First, the study aimed to identify significant differences in students’ sense of school belonging based on complete mental health group categorisation. As predicted, students who fell into the high life satisfaction and normative distress (‘thriving’) group reported the highest sense of school belonging, while students categorised by low life satisfaction and elevated distress (‘troubled’) reported the lowest sense of school belonging. However, further analysis found that reported levels of school belonging were not significantly different between the traditionally ‘troubled’ group and low life satisfaction and normative distress, or those students identified as ‘languishing’. These students reported significantly lower feelings of school belonging than students who reported average and high levels of life satisfaction. Similar results were found by Antaramian and colleagues (Reference Antaramian, Huebner, Hills and Valois2010), in which students identified as ‘vulnerable’ had similar levels of risk for academic and behavioural issues, including low levels of school belonging, as those who were identified as ‘troubled’. Furthermore, differences in school belonging across groups indicated a large practical significance, which suggests that school support teams may consider school belonging to be a differentiating factor among complete mental health groups, especially between students reporting low levels of life satisfaction and those reporting average and high levels. With this knowledge, schools can better address the needs of students reporting low life satisfaction and low distress, a group not typically identified in traditional screening approaches. Considering the negative outcomes associated with low levels of school belonging, including increased externalising behaviours (Chapman et al., Reference Chapman, Buckley, Sheehan, Shochet and Romaniuk2011) and internalising symptoms of psychological distress (Lester et al., Reference Lester, Waters and Cross2013), prevention and intervention strategies aimed at bolstering students’ belonging and connections to school may be valuable.

The second aim of the current study was to examine the utility of students’ school belonging in predicting longitudinal outcomes, particularly social-emotional wellbeing and internal distress one year later. Since high levels of school belonging are associated with improved psychological functioning (Pittman & Richmond, Reference Pittman and Richmond2007), increased happiness and social supports, and reduced loneliness (Vieno et al., Reference Vieno, Perkins, Smith and Santinello2005), we anticipated that school belonging at T1 would increase the variance explained when predicting social-emotional wellbeing and internal distress at T2. First, the study focused on the amount of variance in students’ T2 social-emotional wellbeing explained by students’ T1 life satisfaction and psychological distress symptoms. Together, life satisfaction and psychological distress symptoms (typically assessed during a complete mental health screening) explained 27% of the variance in social-emotional wellbeing one year later. A 1 standard deviation increase in life satisfaction predicted an increase in social-emotional wellbeing by 0.46 of a standard deviation. In contrast, an increase in psychological distress symptoms by 1 standard deviation was predicted to decrease T2 social-emotional wellbeing by only 0.11 of a standard deviation. This further supports complete mental health screening inclusive of both assets and distress symptoms, as life satisfaction predicted a larger change in social-emotional wellbeing one year later than students’ psychological symptoms of distress.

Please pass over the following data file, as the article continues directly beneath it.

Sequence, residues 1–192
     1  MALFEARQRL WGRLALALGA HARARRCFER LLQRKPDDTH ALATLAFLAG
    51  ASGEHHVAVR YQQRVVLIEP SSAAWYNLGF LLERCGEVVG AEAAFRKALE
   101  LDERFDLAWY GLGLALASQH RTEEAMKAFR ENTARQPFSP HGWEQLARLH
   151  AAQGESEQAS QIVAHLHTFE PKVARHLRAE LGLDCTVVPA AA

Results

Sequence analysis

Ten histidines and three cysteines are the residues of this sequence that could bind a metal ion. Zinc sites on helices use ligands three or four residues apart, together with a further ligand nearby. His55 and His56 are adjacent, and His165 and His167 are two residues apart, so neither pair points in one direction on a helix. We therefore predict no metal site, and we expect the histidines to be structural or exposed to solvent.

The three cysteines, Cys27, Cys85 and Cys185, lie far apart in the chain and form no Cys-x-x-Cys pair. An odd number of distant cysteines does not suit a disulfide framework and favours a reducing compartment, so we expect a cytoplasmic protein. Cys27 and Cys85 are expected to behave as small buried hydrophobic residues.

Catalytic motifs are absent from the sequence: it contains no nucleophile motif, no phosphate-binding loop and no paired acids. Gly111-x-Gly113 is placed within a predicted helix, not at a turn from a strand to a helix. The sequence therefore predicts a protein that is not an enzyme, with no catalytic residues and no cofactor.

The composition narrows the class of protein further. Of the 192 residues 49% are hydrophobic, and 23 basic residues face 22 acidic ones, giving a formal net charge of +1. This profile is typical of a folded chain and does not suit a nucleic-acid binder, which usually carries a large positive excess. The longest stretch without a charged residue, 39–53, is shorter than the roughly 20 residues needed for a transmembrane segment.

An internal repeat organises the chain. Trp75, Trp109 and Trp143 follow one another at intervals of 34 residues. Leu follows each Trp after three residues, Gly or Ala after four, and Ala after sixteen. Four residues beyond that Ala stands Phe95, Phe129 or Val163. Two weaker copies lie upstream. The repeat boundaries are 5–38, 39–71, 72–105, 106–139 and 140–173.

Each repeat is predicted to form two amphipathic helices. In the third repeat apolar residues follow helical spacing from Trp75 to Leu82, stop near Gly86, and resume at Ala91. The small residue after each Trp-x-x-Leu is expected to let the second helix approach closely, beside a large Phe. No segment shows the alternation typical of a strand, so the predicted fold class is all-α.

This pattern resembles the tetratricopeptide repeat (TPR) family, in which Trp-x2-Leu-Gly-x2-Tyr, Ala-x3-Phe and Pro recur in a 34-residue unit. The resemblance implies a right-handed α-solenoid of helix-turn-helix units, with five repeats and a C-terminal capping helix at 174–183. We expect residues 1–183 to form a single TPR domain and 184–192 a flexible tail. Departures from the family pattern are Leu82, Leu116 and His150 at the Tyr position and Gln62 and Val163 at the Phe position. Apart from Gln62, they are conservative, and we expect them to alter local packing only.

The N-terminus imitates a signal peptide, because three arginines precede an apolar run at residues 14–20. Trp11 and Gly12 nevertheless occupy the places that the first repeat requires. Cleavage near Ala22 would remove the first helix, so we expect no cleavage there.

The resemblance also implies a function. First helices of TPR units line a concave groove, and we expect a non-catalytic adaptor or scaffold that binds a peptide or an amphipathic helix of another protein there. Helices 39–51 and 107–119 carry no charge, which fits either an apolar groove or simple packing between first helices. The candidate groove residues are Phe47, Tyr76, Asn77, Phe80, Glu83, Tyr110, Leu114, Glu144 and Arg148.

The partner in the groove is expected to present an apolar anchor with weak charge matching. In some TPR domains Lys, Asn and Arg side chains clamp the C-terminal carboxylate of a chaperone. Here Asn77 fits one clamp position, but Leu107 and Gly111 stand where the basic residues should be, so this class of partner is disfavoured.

When students’ school belonging at T1 was added as a predictor of social-emotional wellbeing, explained variance modestly increased to 29%. This time, a 1 standard deviation increase in life satisfaction, psychological symptoms, and school belonging was associated with a change in social-emotional wellbeing of 0.36, -0.09, and 0.19 standard deviations, respectively. Although the explained variance was significant, it is important for schools to consider whether a small increase in explained variance warrants the resources to include a screening measure in high school that focuses on school belonging. Lester and Cross (Reference Lester and Cross2015) found that school connectedness was a significant predictor of psychological wellbeing at the end of primary school and for the first two years of secondary school. However, peer support was the most significant protective factor against anxiety and depression at the end of the second year of secondary school, while school safety served as a protective factor against stress. Based on the results of the ANOVA on the complete mental health groups, schools may be able to predict that students with low life satisfaction may be experiencing lower school belonging than their peers, allowing administration and staff to implement strategies that bolster school belonging. Information on the differences in school belonging may help inform intervention efforts.